B. Total assistance available to the person or entity. Assistance includes all benefits available to the person, including cash and other resources such as insurance proceeds, grants, and SBA loans (private loans not guaranteed by SBA are excepted&mdashsee paragraph C). Grantees should identify all assistance received by each person, business concern, or other entity, via insurance, FEMA, SBA, other local, state, or Federal programs, and private or nonprofit charity organizations. See, FEMA Disaster Assistance Policy 9525.3, Duplication of Benefits&mdashNonGovernment Funds.
Grantees should also identify reasonably anticipated assistance, such as future insurance claims or approved SBA loan proceeds. Reasonably anticipated funds include assistance that has been awarded, but has not yet been received. For example, assume a business was approved to receive an SBA loan for $30,000, but had only received $20,000 when it applied for CDBG disaster recovery assistance for the same purpose. The grantee should identify the full amount of assistance for which the applicant was approved ($30,000).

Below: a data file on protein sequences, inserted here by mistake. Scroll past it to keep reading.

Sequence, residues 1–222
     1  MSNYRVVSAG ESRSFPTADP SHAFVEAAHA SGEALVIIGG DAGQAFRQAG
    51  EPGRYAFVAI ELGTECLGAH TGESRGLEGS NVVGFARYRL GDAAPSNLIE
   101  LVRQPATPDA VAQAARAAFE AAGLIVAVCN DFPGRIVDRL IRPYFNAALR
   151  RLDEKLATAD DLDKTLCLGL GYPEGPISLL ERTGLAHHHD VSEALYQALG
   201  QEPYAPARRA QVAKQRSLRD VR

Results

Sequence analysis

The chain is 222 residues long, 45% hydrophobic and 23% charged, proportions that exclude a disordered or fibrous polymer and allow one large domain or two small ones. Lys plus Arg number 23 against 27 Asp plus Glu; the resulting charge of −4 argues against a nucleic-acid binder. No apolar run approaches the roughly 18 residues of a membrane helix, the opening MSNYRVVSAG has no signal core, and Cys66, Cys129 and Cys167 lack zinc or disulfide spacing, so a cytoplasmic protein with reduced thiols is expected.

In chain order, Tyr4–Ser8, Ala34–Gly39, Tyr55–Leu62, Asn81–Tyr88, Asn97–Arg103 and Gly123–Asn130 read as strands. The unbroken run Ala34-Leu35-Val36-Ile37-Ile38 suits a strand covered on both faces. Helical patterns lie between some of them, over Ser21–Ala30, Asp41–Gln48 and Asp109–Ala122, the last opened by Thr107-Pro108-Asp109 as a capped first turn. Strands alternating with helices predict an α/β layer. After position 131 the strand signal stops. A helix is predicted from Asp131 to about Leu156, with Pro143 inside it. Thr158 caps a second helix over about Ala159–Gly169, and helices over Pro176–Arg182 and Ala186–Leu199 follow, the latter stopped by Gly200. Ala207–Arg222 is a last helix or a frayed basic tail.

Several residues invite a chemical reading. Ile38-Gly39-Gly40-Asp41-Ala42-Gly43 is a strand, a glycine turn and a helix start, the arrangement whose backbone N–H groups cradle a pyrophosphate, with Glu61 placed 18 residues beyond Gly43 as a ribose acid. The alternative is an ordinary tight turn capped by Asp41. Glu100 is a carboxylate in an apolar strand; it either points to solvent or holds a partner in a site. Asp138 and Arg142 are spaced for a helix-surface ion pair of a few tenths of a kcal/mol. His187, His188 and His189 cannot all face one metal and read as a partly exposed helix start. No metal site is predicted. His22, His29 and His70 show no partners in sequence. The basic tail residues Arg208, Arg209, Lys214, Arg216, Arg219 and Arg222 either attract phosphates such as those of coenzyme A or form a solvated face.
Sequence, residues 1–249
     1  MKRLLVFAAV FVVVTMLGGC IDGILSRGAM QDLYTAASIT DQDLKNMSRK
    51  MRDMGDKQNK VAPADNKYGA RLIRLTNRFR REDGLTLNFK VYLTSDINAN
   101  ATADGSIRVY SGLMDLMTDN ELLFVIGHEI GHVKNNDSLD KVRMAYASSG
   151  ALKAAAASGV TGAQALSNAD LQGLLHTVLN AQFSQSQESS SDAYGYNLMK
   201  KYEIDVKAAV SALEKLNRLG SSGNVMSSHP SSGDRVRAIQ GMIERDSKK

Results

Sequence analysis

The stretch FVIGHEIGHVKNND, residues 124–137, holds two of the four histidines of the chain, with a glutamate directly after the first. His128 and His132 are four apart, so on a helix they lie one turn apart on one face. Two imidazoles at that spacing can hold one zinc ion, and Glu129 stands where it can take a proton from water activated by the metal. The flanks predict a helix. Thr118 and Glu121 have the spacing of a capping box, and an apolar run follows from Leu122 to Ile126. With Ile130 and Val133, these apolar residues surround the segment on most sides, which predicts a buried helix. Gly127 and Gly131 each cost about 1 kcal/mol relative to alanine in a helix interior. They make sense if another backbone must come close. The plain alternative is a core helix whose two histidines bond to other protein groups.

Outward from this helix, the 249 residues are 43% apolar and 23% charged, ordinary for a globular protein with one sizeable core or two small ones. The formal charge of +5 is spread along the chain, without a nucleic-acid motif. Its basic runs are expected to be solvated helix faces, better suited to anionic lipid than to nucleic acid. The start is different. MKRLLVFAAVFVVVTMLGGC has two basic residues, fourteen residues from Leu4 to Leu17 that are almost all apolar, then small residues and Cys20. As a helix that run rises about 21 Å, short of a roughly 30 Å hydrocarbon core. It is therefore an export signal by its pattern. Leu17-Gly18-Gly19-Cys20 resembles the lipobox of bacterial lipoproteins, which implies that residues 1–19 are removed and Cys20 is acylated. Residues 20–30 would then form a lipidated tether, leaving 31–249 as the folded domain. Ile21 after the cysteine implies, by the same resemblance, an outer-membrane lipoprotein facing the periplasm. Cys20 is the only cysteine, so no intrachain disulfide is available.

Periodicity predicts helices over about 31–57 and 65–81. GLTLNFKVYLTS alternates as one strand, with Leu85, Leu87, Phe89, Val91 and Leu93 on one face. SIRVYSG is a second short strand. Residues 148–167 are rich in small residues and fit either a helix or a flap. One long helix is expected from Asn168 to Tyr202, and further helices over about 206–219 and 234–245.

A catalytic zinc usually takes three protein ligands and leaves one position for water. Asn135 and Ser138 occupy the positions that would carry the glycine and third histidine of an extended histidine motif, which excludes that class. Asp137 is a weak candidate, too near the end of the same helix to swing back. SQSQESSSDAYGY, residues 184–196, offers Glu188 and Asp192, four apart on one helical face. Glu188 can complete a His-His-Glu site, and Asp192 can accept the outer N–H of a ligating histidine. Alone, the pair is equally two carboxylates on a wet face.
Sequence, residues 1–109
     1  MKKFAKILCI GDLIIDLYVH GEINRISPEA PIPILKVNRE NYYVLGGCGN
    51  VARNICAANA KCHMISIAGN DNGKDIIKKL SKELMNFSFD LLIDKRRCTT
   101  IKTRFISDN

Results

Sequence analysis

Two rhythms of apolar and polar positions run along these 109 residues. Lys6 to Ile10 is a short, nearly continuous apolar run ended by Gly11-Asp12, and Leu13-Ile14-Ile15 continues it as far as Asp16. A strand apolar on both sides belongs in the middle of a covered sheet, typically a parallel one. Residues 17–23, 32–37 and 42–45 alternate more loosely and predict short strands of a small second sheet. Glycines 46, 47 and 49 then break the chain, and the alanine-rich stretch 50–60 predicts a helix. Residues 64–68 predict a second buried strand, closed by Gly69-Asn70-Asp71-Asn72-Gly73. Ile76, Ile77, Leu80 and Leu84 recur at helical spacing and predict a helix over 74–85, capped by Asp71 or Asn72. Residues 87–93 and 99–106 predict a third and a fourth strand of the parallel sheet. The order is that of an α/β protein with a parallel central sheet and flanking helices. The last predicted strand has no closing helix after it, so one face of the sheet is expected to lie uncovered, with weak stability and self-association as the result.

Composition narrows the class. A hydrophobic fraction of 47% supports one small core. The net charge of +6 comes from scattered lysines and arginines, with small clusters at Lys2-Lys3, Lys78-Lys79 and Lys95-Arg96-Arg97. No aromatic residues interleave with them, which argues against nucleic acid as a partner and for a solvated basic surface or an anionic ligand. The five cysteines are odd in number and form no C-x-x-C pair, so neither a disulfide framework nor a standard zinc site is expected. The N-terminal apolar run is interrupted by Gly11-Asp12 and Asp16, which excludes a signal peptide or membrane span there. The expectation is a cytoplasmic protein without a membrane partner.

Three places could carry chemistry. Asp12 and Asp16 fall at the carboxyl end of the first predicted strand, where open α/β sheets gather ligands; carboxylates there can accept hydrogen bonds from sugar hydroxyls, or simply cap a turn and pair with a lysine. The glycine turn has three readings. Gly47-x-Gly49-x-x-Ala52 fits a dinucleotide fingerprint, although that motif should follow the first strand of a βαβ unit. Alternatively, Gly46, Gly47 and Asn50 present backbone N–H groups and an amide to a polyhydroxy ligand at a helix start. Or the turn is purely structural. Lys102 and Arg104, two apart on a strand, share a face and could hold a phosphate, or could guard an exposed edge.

Funds are not reasonably anticipated when the source and/or amount is indefinite, or the applicant is unaware that he/she may be eligible to receive additional funds at a later date. To address any potential duplication, beneficiaries must enter a signed agreement to repay any assistance later received for the same purpose as the CDBG disaster recovery funds. The grantee must identify a method to monitor compliance with the agreement for a reasonable period, and should articulate this method in its written administrative procedures. Please note that if additional need is established, subsequent funds would not be considered a duplication. See paragraph E, Unmet Need, for more information on this issue.